Five Types of Stories to Tell Your Customers

Having the right story ready to go can lead to sales.

By Julie Hansen

Sales is storytelling—but what type of story should you tell? In a dynamic market, rarely is a single story the right one for every selling situation or every customer.

Here are some tips on when, why, and how to use these five types of stories in your pitch or presentation.

1. Company Story

This is your company’s unique origin story, and done well, it can illuminate not just the problem you solve, but why. A compelling founding story can serve to humanize your company and offer insight into your values and purpose.

Tips: Don’t lead with your company story unless it relates directly to your customer’s situation or interests. Otherwise it can come across as a whole lot of chest-thumping. Instead, use bits and pieces of your company story in response to questions or to reinforce credibility—after you’ve thoroughly addressed your customer’s situation. Your company story should be succinct and purposeful. Focus on those points that demonstrate your company’s “why” rather than its “how.”

Example: Our company began because our founder had his bike light stolen and was then hit by a car when coming home. That’s why we are passionate about providing riders with the most secure bike lights available, just as you’re passionate about the safety of your customers.

2. Customer Story

A good case study or customer testimonial is vital to have on hand for any presentation or pitch. After all, a customer who has benefited from your product or service has much more credibility than any vendor will, and it allows you to “show” actual results rather than “tell.”

Tips: Find out enough about your customer so you can choose a well-matched customer story. “One size fits all” customer stories can cause a prospect to question your understanding of their own unique situation. Tailor your story to highlight the similarities and demonstrate specific outcomes when available. Provide enough detail about your customer to bring the story to life and give it emotional impact.

Example: We had this smaller company about your size who placed orders with us, not frequently or in any large amounts, and who didn’t expect us to go out of our way to treat them the same as bigger customers. But each time this company called in an order, they said they were always impressed with the time and attention our customer service reps gave to whoever was placing the order, and then how quickly their orders were delivered afterward. We noticed after a while they began placing orders more frequently and in larger amounts. They told us how much they valued working with a company who treated their customers all the same, especially a smaller company like theirs.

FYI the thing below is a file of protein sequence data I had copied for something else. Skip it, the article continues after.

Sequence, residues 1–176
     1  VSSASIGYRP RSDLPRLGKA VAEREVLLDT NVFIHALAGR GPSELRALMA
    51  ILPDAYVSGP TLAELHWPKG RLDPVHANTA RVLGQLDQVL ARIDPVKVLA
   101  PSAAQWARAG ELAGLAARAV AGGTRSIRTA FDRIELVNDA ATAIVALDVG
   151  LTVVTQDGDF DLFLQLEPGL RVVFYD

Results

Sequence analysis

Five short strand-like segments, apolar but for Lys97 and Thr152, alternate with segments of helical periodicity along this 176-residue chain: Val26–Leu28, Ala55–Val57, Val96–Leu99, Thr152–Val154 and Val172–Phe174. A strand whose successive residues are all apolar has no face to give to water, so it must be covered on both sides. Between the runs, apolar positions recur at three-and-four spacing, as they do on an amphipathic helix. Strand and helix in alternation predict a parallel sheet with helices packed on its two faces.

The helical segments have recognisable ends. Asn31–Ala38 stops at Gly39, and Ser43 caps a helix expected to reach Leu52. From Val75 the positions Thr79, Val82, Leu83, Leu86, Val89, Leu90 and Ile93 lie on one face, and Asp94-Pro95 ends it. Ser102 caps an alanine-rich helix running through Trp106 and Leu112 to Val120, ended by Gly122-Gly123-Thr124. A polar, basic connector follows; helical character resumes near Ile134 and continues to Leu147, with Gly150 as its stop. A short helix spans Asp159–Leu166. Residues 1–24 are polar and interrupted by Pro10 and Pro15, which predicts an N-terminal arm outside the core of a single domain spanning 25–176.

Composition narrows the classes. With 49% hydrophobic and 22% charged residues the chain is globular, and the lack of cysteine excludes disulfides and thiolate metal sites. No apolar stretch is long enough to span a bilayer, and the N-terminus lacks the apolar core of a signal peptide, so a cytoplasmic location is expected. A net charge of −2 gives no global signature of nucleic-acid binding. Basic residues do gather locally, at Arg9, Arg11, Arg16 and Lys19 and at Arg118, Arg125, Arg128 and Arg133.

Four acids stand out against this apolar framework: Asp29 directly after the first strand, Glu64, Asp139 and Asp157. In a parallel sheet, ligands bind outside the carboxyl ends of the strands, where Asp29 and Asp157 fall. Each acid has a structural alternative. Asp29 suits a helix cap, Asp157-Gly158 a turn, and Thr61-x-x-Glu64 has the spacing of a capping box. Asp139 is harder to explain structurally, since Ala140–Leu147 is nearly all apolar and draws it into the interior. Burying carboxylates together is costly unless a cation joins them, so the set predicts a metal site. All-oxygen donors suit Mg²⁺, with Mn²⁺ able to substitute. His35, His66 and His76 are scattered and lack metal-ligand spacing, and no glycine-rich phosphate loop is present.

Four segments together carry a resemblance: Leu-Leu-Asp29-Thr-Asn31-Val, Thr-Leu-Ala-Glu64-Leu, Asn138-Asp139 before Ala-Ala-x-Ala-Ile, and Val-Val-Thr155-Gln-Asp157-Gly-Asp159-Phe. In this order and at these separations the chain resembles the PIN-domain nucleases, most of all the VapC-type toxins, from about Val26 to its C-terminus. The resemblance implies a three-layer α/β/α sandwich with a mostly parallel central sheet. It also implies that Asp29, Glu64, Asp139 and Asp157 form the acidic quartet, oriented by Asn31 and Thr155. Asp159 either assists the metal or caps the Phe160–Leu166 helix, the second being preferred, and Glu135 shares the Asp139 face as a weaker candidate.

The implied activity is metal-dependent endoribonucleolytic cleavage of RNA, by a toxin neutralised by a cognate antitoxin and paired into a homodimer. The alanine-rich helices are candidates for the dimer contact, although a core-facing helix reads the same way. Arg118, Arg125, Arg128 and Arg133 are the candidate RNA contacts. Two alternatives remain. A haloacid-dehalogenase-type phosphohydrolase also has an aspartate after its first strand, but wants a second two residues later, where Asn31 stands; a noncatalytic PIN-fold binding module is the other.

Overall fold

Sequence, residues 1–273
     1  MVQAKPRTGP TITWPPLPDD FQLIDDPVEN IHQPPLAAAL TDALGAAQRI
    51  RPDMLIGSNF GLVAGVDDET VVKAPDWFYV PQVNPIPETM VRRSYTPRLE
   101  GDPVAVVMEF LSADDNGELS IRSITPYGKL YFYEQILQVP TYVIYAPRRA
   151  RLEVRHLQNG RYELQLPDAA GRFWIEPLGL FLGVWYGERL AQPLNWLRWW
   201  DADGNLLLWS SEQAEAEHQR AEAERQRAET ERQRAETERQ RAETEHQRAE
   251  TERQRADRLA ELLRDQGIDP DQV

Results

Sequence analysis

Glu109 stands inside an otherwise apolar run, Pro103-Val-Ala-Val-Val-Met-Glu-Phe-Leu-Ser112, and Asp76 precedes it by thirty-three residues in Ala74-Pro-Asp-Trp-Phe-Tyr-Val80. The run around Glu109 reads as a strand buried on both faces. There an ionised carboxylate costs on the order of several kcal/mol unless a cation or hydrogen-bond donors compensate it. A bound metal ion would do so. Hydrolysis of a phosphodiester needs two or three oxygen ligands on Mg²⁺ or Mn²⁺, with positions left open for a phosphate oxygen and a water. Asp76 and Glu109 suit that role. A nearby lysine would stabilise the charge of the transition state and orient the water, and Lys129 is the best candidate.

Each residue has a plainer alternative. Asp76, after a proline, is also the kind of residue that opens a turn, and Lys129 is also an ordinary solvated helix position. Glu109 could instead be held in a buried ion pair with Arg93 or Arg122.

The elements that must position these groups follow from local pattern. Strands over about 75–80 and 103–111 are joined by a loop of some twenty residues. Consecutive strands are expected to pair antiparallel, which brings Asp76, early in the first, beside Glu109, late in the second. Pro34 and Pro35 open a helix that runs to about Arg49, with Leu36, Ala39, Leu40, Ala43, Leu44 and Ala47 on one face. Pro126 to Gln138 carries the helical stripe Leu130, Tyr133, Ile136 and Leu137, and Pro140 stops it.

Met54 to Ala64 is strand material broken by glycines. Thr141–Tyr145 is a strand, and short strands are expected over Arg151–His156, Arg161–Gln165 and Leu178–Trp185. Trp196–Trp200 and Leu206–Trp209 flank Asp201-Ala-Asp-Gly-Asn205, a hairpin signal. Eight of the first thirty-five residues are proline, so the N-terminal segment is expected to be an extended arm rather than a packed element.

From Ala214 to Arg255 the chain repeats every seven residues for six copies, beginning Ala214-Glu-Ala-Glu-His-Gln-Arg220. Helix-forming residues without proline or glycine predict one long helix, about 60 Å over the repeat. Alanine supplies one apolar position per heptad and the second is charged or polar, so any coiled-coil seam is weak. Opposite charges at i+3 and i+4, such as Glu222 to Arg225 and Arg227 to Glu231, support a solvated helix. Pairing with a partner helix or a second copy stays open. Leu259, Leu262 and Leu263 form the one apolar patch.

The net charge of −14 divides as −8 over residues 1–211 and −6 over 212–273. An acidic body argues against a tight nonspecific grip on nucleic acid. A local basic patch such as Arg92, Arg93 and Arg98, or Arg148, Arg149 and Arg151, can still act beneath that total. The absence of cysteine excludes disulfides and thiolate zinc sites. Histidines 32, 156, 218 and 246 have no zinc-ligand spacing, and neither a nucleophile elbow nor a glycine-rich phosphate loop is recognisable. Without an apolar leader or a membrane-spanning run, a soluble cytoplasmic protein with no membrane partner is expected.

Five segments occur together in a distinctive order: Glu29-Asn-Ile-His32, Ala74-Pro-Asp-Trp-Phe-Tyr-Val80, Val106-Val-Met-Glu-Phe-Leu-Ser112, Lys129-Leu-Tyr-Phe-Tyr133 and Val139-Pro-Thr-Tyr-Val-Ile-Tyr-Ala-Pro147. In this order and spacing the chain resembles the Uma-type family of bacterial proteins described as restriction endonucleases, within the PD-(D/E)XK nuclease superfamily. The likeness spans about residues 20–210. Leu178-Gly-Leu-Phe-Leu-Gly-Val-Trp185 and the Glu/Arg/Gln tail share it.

3. Business Story

The right story about a business or industry unrelated to your customer’s business can provide surprising insights into problems, solutions, or opportunities.

Tips: Certain business stories have become part of our well-known lore like the cautionary tale of Blockbuster and Blackberry, companies who failed to adapt to the future. Look for lesser known stories offering a fresh twist on the message you’re trying to communicate. For example, the following story could be used to help a customer think beyond the status quo.

Example: Fiji water is sold in a square-shaped bottle. Many people think this was a marketing effort to set them apart from competitors. In fact, this unique design is actually a less expensive way to ship water—as more bottles can be packed in a case.

4. Analogy or Metaphor

A story or example comparing something known to something familiar is an analogy and an effective way to help your customer quickly understand complex solutions or features. Analogies are also useful for softening any beliefs or misconceptions your customer may have. A metaphor is another way of comparing something—not actually or directly, but figuratively. For example, you are familiar with the common
metaphor: “America is a melting pot.”

Tips: Know your audience and pick a subject for your analogy or metaphor they will be readily familiar with. Obscure analogies or metaphors that require too much explanation detract from your point. To find the right subject, focus on what your key message is (accuracy, safety, convenience) and brainstorm the different ways it relates to your message.

Examples: “Much like an iPhone, our solution replaces the need for a whole host of other products” is a spot-on analogy. “Our company assures our drilling products provide Rolls-Royce reliability” would be a good metaphor.

5. Personal Story

Drawing on your own personal experience is one of the most effective and memorable ways to communicate a message. Unlike business stories, personal stories can connect with your customer on a more emotional level.

Tips: Know your audience and tailor your story accordingly. Keep it short and sweet. Personal stories are often less polished and can tend to meander. To avoid that, focus on why you’re telling the story, eliminate unnecessary detail, and when you’re done, stop!

Example: When selling my house, I thought I could save some money by going with a new real estate agent. After three months without any offers, I finally went with a proven agent who helped me price it correctly. Within two weeks it sold for $10,000 over the asking price. Like that experienced realtor, we can help you avoid costly mistakes and delays.


By having these five types of stories in your back pocket, polished up and ready to go, you’ll be ready to meet the needs of any customer.

Julie Hansen is a professional sales trainer, speaker, and author. She authored the book ACT Like a Sales Pro in 2011 and has been featured in Selling Power, Entrepreneur, and Sales and Service Excellence magazines. She can be reached at and